Human-Animal Studies

Hall of Letters

Karen and Winter meet.

The Field of Study

Human-Animal Studies (HAST) is a rapidly growing interdisciplinary field devoted to examining and critically evaluating the relationships between humans and nonhuman animals, be these relationships historical or contemporary, factual or fictional, real or symbolic, beneficial or detrimental. In exploring these relationships, we acquire a greater understanding of the ways in which animals figure in our lives and we in theirs. As our understanding of ecology and the fundamental interconnectedness of all living beings continues to grow, the importance of studying human-animal interactions becomes ever more evident. All students with an interest in the interactions between humans and animals are encouraged to consider a Human-Animal Studies minor. This minor will have an especially practical use for students pursuing careers related to wild or domesticated animals, such as animals in laboratory science, zoos, shelters, refuges, wildlife rehabilitation centers, and veterinary medicine.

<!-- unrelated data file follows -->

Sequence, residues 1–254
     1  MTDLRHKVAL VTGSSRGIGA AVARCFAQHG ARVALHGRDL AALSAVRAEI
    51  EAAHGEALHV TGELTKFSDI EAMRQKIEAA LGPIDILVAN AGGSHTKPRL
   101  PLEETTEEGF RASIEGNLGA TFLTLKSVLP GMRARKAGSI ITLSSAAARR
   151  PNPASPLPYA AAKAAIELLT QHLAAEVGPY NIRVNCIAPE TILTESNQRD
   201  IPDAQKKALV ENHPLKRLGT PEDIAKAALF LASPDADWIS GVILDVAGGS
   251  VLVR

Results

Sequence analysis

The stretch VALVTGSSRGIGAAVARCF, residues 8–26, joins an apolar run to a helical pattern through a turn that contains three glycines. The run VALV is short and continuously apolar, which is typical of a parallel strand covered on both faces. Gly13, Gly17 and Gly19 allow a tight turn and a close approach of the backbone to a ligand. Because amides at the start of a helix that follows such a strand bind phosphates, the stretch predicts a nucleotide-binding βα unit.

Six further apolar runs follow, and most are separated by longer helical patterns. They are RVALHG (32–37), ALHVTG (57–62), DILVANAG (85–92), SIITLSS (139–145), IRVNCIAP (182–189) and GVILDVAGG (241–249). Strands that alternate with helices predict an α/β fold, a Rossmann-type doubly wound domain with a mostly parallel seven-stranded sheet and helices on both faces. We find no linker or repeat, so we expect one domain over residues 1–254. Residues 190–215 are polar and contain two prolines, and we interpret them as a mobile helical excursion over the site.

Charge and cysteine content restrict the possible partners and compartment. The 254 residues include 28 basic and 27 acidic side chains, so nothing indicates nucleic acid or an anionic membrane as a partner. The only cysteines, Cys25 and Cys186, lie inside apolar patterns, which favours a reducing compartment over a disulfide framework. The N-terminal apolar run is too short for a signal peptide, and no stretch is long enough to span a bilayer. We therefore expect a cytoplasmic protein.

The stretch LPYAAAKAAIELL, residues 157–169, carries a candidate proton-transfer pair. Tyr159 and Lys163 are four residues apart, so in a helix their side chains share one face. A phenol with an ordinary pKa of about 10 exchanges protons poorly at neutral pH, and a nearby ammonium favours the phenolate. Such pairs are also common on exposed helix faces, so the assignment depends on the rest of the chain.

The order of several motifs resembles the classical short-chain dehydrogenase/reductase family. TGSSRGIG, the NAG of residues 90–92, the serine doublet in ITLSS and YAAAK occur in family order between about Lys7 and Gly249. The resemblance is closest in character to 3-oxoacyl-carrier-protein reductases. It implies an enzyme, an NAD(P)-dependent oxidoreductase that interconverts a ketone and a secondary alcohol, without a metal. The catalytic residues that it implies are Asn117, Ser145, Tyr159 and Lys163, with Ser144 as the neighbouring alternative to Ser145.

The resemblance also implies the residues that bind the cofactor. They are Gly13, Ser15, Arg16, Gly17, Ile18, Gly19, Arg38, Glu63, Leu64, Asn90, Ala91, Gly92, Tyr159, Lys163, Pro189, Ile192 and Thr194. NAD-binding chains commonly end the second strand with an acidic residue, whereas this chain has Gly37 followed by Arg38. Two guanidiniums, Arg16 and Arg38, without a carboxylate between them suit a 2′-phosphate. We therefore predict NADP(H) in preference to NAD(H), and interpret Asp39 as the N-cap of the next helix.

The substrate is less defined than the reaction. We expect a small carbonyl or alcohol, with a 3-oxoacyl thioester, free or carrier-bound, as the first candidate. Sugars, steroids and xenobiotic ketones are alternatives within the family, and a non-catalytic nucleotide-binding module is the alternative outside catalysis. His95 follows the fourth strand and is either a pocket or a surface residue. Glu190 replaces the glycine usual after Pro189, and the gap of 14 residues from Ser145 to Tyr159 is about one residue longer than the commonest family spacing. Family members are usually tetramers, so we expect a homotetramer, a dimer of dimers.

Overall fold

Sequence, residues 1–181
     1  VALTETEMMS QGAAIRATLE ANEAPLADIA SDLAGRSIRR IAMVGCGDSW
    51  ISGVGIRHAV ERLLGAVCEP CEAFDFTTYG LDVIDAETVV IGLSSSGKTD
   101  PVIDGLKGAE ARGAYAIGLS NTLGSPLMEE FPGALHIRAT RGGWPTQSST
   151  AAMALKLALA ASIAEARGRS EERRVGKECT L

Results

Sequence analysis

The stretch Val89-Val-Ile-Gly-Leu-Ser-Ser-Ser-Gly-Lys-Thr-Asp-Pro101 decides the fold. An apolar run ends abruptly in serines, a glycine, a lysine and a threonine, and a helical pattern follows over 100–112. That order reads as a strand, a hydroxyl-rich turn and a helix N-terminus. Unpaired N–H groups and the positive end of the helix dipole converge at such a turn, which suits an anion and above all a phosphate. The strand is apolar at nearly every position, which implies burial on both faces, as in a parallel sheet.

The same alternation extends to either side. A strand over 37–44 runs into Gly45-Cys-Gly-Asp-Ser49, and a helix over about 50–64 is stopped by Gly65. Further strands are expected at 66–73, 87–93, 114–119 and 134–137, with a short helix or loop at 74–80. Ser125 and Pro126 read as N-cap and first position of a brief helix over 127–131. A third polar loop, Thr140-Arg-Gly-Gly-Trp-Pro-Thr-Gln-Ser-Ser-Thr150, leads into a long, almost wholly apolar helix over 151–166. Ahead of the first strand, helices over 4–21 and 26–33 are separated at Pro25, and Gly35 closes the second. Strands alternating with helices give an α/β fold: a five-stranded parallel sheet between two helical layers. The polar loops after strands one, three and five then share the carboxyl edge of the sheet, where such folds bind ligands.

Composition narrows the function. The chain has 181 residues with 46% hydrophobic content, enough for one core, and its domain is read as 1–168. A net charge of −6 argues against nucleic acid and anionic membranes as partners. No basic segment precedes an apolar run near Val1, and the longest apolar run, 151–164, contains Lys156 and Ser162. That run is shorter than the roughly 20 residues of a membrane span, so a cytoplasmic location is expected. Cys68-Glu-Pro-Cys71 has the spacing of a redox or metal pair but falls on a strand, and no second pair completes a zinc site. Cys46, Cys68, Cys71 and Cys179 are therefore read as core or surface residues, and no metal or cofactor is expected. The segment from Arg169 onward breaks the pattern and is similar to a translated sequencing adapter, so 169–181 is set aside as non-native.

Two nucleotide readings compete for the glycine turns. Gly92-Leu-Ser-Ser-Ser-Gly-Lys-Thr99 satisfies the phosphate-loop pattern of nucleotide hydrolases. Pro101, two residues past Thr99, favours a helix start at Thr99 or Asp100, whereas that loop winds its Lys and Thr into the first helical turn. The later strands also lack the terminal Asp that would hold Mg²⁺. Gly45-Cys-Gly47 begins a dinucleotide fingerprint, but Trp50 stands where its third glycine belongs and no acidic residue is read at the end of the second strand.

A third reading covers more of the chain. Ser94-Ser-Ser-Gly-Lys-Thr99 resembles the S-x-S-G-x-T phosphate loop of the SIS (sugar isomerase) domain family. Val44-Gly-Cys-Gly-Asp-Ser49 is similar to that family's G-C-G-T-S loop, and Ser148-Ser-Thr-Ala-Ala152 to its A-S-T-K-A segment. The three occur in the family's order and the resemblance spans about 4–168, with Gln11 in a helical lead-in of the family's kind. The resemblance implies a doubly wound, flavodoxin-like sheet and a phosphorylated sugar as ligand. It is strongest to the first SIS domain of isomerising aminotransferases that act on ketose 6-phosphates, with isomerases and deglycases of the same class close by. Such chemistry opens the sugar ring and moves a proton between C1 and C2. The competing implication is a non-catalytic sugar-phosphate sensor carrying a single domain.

The Minor

The minor in HAST consists of six (3 or 4 credit) courses: two foundational courses, three electives, and a practicum.


Foundational Courses

There are two required courses for the minor:

  • PHIL 330: Ethics and the Environment
  • One of the following six courses:
  • BIOL 331 Ecology or BIOL 340 Conservation Biology or EVST 230 Biodiversity or EVST 305 Ecology for Environmental Scientists
  • BIOL 352 Animal Behavior or PSYC 350 Evolutionary Psychology


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